Securing devices at home and work
The mass shift to work from home started at the very beginning of the pandemic and is going to be the new normal for the foreseeable future. We’ve blurred the lines between work and home and the same applies to our laptops and computers.
So what’s the problem?
For one, our work systems usually have a much greater level of security software and procedure applied to them. How many of us use a VPN for our work systems, but not for our home systems? How many of us have enterprise-level security on our Wi-Fi networks? This opens up endless possibilities for cybercriminals, keen to compromise the safety of our data. It’s now more crucial than ever to know how to separate work and private devices and how to keep them secure. And this is exactly what the second week of the National Cybersecurity Awareness Month is all about.
BOGO for the bad guys
Cybercriminals are more active than ever before, as this new world order presents a great opportunity to get past a lower security bar for a home system then bounce over to a work network. Now that they’re in the work network, they have access to thousands of additional individuals.
Why? Because if a breach happens in your work network, and you’ve been using your work laptop to check your personal email or to access your bank account, now cybercriminals have access to your private information. What if your private smartphone is compromised? If you’ve been using it for work-related activities, now criminals can get to the same corporate info you have access to. It’s a feast for them and a danger to you and your employer!
But my work system is secure, right?
Another common and false sense of security is that devices provided by employers are totally secure. No one would try to break into a laptop from your IT department, right? Wrong, almost any system can be breached, it’s a matter of how much time and effort they want to put into it. While your work devices are almost always going to be more secure than your personal ones, they aren’t invulnerable. Cybercriminals just have to try harder to compromise corporate accounts, but the rewards are worth it.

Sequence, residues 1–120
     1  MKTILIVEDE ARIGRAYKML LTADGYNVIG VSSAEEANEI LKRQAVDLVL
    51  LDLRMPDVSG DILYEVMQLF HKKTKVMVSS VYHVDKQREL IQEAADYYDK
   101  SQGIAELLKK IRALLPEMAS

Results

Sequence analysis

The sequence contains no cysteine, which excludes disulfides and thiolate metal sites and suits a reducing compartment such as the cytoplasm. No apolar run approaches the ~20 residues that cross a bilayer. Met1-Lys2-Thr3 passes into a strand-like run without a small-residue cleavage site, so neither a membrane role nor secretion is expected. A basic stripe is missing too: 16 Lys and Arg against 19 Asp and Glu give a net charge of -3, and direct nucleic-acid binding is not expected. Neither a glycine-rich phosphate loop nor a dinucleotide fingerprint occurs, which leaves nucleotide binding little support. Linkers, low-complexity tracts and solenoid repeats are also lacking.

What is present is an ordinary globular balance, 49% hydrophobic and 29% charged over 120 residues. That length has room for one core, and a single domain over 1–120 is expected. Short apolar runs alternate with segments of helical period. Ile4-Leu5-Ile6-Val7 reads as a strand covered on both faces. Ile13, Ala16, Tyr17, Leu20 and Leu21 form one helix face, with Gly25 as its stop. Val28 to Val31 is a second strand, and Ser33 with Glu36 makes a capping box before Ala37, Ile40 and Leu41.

7 Tips on how to secure your devices at home and work
To help you improve the security of your devices at home and work, we prepared a checklist of things you should remember:
- Do your best to separate your work devices from your private ones. This simply means having two different computers, or at least two login accounts set up on one computer.
- Never use unsecured public Wi-Fi when connecting your home or work devices to the Internet. It’s also best practice not to use any public Wi-Fi unless you use a VPN.
- Always use your work-supplied VPN, even when at home, and especially when using public Wi-Fi.
- Set up strong, unique and long passwords for all devices you use and never share them with anyone. Keep them private and use a Password Manager to secure them.
- Keep all your devices updated to the latest version available and run security scans on a regular basis.
- If using a USB or an external hard drive, make sure to scan your devices for viruses and malware. And never, ever use a USB if you are not sure where it came from.
- Never leave your unlocked devices unattended. When you finish working, always log out and place your work laptop in a secure place.